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REMEMBER THIS: Back to school, Bayfield St. style

In 1973, a state-of-the-art Sears store opened in the new Georgian Mall. Still owned at the time by Simpson-Sears Ltd., it was the first store in Canada to operate solely under the Sears name

Mornings are cooler and there is a crispness in the air. It won’t be long now. Very soon, big yellow buses will return to the streets and groups of excited little ones will be hopping along the sidewalks in new school clothes, toting a colourful backpack full of fresh supplies.

Back-to-school shopping. I remember it well. It was the biggest seasonal outlay of dollars next to Christmas and it had to be well planned. Clothing, shoes, backpacks and lunch bags, paper goods and assorted writing instruments and, in my case, times five.

Before that, my parents did the same. From our rural home, we travelled to Barrie where Bayfield Street was fast becoming the place to go for most shopping needs.

For us, the timing was perfect. We had arrived in the region the same year that the Towers and Food City discount shopping complex was opened at 450 Bayfield St.

Barrie had never seen anything like this before. Technically, this new shopping centre was not located in Barrie, but rather in Vespra Township. One newspaper ad referred to the location as Cundles, the former name of this area just north of Barrie.

On opening day in October 1967, the OPP had their hands full directing long lines of traffic on what was basically still highway just outside of town. Thousands showed up and those who couldn’t find a parking spot simply parked across the road next to the future site of the Georgian Mall.

Four years later, Sayvette started its short but exciting run at what is now the location of the Planet Fitness gym. After the demise of Sayvette, Arch Brown brought his Canadian Tire store to this location.

Sayvette was a Canadian department store chain of the more affordable variety akin to Zellers and Woolworth’s. Launched in 1961, opened in Barrie during a large company expansion a decade later, it closed with the rest of the chain in 1976.

It was a multi-storey shop, which was quite the sensation for Barrie. Sayvette may have been the location of the first escalator in town. It was the first in my recollection anyway.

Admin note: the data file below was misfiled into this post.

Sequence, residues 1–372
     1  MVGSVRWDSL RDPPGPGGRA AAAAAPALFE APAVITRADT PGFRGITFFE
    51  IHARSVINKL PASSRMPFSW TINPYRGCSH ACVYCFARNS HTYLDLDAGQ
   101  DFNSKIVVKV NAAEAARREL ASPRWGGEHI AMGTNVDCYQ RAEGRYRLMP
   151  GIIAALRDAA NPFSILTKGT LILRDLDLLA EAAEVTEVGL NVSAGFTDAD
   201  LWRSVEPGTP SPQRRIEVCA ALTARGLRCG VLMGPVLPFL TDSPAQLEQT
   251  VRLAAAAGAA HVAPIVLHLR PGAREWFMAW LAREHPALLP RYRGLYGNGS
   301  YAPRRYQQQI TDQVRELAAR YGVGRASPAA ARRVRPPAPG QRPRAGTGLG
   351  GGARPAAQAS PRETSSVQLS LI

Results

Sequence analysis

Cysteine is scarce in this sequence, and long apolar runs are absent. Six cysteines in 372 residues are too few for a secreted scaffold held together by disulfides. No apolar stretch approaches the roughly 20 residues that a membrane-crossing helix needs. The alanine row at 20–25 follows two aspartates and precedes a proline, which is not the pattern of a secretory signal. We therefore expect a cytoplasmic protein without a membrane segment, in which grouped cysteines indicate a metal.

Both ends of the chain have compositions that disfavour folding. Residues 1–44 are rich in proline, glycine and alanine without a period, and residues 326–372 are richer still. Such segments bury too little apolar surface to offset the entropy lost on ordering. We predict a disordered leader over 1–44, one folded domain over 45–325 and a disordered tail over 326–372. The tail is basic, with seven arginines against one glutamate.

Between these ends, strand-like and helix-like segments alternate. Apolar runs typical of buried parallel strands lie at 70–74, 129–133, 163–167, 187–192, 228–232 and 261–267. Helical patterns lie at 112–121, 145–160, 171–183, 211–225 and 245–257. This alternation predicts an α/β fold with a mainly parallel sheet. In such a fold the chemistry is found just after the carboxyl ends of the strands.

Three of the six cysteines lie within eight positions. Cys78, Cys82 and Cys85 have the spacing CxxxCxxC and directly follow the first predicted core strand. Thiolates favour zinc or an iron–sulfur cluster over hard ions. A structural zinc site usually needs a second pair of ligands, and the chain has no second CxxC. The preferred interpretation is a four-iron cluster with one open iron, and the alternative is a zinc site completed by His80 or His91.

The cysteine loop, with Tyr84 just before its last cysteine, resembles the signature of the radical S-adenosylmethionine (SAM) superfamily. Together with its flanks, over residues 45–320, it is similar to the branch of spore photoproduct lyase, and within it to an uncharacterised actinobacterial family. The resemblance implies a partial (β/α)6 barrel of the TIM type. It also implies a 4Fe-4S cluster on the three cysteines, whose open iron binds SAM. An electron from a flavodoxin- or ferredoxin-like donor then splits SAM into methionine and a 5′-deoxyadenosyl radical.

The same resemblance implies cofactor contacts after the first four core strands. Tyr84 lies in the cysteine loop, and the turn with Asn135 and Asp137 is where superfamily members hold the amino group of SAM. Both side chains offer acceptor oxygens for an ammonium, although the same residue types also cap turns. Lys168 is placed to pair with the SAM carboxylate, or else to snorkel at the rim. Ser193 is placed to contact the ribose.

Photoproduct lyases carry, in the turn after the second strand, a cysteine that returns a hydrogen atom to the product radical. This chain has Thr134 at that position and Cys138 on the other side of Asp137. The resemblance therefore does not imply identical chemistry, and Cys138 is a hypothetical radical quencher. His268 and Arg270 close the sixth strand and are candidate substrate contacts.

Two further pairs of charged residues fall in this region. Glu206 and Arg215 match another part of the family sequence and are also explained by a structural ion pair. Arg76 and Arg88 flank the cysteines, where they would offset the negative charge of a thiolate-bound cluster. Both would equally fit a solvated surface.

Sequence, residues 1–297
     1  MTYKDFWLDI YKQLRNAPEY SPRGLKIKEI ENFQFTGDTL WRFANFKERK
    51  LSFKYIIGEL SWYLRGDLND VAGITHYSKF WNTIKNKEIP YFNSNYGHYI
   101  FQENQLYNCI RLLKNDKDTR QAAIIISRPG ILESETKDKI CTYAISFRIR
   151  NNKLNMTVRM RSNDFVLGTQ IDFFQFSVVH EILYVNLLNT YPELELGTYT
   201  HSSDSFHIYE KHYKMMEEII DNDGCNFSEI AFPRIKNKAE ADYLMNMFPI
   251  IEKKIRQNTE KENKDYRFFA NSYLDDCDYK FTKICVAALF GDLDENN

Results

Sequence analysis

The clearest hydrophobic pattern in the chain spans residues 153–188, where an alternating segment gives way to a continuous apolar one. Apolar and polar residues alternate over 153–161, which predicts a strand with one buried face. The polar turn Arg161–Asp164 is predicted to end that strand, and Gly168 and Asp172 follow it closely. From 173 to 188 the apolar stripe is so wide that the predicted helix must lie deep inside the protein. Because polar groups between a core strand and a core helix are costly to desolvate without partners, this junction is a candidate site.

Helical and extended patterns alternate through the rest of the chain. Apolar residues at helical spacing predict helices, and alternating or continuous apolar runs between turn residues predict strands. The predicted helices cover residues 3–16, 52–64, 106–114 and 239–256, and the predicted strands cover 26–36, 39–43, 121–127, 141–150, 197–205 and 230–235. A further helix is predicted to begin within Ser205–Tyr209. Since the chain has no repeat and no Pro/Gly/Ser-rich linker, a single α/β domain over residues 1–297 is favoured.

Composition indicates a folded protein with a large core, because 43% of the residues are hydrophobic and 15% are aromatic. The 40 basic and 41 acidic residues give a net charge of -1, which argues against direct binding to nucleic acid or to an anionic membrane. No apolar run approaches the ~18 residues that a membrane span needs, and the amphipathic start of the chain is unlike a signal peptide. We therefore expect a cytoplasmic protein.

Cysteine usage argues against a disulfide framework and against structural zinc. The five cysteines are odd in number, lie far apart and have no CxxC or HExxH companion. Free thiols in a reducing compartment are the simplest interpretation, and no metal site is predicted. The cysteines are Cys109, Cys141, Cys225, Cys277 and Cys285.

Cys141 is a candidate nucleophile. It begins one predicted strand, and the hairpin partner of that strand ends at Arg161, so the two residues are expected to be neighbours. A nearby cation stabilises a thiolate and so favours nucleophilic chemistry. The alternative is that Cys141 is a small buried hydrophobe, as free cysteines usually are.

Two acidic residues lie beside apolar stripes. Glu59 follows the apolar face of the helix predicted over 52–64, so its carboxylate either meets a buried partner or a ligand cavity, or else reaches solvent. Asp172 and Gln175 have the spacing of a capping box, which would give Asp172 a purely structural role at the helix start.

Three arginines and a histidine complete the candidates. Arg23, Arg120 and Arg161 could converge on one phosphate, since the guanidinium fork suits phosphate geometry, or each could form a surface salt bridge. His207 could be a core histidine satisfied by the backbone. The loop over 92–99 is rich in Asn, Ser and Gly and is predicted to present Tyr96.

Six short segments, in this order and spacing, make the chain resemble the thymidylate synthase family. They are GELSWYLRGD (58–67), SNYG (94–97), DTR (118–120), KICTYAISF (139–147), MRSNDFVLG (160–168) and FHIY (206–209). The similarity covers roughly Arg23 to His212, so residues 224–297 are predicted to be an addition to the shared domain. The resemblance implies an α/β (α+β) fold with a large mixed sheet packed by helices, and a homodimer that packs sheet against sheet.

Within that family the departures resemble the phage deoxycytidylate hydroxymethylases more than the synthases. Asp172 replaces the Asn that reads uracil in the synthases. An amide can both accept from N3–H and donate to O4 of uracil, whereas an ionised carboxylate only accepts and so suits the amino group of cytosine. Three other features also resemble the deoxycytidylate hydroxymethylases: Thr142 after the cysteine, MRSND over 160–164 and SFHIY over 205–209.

In 1973, a state-of-the-art Sears store opened in the new Georgian Mall. Still owned at the time by Simpson-Sears Ltd., it was the first store in Canada to operate solely under the Sears name.

Sears boasted computerized cash terminals, another first for Barrie. Sears, known for its higher-end quality goods, wasn’t Sayvette’s direct competitor, but Towers, across the street from Sears, certainly was.

It was to these halls of commerce that families headed for their back-to-school must-haves. Did you get some knee-high socks, Buster Brown shoes and a polyester dress? Maybe it was a stack or plaid shirts, some corduroy pants and a pair of desert boots.

Once greatly coveted by the back-to-schooler was the double pack of Laurentian coloured pencil crayons, as was the deluxe Crayola box containing 64 crayons. All of this plus a small ruler, an eraser and some new pencils tucked into a shiny new Snoopy pencil case, and you had it made!

A good shopping expedition might include a new lunch box. That battered plaid metal lunchbox that you kicked down the school steps last year could be replaced with a plastic one with The Six Million Dollar Man on the front.

These stores have come and gone. Fifty-five years of fashions and fads met the same fate, but Bayfield Street continues to attract parents and kids by the thousands each August.

Each week, the Barrie Historical Archive provides BarrieToday readers with a glimpse of the city’s past. This unique column features photos and stories from years gone by and is sure to appeal to the historian in each of us.

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Mary Harris

About the Author: Mary Harris

Mary Harris is the Director of History and Research at the Barrie Historical Archive. The Barrie Historical Archive is a free, online archive that centralizes Barrie's historical content.
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